Anthony was married to the heiress of the Viefville possessions in Burgundy.

The French line became of importance, finally reaching the state of 1650-53, which is interesting for the production of the Vieville Tarot.

******************

Charles I de la Vieuville

... has a wikipedia article.
https://en.wikipedia.org/wiki/Charles_de_La_Vieuville
Charles I. Coskaer, marquis and later duc de La Vieuville (1582-9 January 1653)[1] was an important French noble and Superintendent of Finances of France from 1623 to 1624[2] and once again from 1651 to 1653 .[3]

He descended from the dynasty of the seigneurs of La Vieuville and was the son of Robert, seigneur de La Vieuville.[4] Being a grandnephew to a finance minister of both Henry III and Henry IV he had good connections at court.[5] He started his career being Captain of the Garde Écossaise,[6] where he quickly rose to favour of the king, so that already in 1619 he became a knight of the king's orders.[7] As the year 1623 passed, the king (who always sought an effective model of governance) found virtually all his major advisors (like Brûlart and Puysieux) and his previous superintendent, Henri de Schomberg, ineffective. This resulted partly because of an inclination towards Spain, the deadly enemy of France, by some of the ministers, as well as the inability of the military man Schomberg of governing the finances.[8] This vacuum of power was filled by the trusted captain of the king's guards. During the years he was superintendent, and due to the fact that he was the king's only advisor, he had a very important role at the French court. His views went quite well with Louis XIII's bon français views. It was him who advised the king to side with the Dutch and who had the idea to interfere directly in the Bündner Wirren.[9] Yet afterwards he didn't prove to fulfill quite what Louis XIII expected and Louis XIII became very disappointed with him. This was due to the fact that La Vieuville had grown very arrogant and incompetent and because members of his family were very corrupt.[10] Another factor was that Cardinal Richelieu who had just entered the Royal Council, had previously published various pamphlets and spread several rumours against his rival La Vieuville, in order to become the king's advisor himself.[11] Finally, he should have been executed, yet he fled from France to the Spanish Netherlands.[12] Later in Louis XIII's reign he was pardoned and returned to France, eventually becoming superintendent once more during Louis XIV's early reign.[13]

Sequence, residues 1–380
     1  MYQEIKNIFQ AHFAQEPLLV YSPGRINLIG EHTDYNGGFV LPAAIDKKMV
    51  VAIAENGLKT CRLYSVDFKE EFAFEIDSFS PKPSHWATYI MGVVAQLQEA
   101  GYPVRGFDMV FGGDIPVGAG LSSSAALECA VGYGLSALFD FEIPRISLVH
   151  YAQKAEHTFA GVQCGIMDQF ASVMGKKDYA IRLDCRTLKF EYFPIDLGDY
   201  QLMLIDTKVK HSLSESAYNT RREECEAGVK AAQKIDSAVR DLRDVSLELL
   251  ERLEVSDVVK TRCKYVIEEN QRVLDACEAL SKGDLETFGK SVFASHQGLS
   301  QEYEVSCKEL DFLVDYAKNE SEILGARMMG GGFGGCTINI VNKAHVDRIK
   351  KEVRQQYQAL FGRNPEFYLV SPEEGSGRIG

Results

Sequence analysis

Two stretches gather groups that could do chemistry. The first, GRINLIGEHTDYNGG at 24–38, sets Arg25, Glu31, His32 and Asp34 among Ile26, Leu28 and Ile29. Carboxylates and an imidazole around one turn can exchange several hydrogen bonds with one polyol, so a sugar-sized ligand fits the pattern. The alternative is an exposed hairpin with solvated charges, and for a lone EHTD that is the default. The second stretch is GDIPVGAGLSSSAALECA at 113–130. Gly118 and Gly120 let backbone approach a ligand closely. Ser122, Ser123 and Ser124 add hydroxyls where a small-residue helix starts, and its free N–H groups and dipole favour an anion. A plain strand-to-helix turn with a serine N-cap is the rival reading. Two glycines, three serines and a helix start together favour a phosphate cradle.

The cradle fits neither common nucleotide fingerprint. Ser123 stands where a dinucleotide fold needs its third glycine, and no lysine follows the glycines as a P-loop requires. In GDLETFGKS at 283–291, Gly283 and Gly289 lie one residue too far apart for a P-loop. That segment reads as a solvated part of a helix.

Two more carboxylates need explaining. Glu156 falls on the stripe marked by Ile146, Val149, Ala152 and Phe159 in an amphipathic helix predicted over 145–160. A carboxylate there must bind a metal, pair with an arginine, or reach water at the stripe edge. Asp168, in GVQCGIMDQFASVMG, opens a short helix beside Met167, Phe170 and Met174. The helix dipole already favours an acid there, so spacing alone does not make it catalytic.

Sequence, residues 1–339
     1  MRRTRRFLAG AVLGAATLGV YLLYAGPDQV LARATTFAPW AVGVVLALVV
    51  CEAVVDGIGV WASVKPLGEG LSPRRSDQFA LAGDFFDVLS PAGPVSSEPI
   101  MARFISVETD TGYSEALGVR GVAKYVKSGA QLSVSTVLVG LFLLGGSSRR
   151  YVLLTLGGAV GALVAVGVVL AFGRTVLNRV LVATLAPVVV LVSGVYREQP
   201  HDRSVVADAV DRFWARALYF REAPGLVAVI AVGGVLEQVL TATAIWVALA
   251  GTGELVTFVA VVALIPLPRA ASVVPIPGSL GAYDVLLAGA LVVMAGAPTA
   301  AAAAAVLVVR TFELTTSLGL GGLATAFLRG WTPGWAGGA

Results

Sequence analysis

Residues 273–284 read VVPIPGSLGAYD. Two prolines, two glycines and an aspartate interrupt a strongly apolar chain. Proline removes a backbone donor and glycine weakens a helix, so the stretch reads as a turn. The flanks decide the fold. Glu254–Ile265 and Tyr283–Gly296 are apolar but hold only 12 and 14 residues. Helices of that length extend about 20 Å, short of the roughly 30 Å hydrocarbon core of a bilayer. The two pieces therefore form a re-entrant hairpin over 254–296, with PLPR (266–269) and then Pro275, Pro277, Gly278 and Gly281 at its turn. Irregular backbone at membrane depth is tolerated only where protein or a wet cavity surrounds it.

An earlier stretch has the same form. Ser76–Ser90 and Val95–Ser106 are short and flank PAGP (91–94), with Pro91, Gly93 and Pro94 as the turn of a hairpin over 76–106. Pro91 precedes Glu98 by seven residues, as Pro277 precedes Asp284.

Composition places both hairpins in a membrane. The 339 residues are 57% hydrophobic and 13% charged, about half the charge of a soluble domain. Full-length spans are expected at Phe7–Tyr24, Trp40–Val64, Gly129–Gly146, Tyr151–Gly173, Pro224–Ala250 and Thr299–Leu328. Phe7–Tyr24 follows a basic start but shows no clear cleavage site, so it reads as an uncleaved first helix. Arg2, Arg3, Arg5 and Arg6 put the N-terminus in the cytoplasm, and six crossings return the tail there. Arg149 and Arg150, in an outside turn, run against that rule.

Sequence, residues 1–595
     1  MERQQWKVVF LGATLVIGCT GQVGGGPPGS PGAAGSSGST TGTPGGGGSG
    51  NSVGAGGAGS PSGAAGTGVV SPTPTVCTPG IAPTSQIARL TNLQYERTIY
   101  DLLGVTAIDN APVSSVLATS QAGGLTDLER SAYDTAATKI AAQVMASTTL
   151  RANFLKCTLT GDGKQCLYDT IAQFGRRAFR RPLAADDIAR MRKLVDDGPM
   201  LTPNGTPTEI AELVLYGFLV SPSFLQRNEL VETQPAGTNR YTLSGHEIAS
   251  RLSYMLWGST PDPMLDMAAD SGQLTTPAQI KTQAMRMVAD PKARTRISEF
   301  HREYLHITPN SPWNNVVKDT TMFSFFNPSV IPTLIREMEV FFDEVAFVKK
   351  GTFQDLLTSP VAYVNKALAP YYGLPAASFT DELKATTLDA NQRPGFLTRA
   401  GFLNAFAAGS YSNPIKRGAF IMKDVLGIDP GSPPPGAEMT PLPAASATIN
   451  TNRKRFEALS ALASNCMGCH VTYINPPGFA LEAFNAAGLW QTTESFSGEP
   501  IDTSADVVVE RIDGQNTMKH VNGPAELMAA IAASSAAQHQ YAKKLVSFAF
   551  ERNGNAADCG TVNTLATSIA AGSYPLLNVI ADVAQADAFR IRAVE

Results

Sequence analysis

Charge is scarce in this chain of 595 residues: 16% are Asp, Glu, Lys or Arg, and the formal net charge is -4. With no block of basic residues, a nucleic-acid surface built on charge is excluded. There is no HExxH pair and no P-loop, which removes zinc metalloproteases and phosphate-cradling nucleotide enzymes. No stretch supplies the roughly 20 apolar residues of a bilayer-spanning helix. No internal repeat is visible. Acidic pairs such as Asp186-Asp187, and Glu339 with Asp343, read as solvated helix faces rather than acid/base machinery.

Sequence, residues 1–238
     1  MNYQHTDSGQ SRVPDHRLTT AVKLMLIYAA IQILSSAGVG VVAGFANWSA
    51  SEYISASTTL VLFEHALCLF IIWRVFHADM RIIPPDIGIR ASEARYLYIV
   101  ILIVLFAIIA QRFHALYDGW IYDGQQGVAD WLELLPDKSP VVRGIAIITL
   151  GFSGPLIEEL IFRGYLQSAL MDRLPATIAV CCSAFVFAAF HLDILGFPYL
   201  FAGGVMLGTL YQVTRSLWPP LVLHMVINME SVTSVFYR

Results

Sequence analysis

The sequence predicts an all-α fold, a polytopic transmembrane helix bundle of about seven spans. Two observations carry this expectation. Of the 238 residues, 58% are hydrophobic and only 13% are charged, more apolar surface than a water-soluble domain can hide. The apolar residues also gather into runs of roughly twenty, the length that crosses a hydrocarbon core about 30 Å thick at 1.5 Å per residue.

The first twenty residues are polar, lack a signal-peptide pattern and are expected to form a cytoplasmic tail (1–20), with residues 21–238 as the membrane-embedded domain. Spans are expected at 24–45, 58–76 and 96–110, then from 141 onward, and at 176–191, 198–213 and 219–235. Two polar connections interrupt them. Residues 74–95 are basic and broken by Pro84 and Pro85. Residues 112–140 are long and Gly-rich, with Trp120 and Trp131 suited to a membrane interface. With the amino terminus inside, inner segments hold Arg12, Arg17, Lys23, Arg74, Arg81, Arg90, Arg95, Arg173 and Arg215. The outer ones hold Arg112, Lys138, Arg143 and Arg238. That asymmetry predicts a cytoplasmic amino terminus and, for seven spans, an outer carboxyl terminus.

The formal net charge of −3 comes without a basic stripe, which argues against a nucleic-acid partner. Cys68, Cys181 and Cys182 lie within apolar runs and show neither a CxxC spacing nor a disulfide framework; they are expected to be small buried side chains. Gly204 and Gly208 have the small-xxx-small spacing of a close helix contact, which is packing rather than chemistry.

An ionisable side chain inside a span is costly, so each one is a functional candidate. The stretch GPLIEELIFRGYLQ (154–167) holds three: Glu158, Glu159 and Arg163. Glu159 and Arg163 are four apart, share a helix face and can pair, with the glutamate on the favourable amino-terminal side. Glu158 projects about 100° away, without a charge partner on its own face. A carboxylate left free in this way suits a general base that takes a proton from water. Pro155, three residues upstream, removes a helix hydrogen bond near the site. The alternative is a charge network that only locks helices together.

At the 26. December 1651 the regions Nogent Artoud-sur-Marne and St. Martin d'Ablois were contracted to build the new duchy Vieuville to honor Charles I de la Vieuville.
... according ...
Grosses vollständiges Universal Lexicon aller Wissenschaften und Künste, welche bisshero durch menschlichen Verstand und Witz erfunden und verbessert worden, Band 48 (1746)
https://books.google.de/books?id=0_xfAA ... le&f=false

The both regions are located between Paris and Reims.
Definitely this was a reason for celebration in the Vieuville family.

Description of the Vieuville scandal in 1623/24, which Charles de la Vieuville led to prison with an escape one year later ...
The Life of Marie de Medicis, Queen of France
Julia Pardoe
Cambridge University Press, 28.10.2010 - 622 Seiten
https://books.google.de/books?id=fzhcZb ... 20&f=false
Huck
http://trionfi.com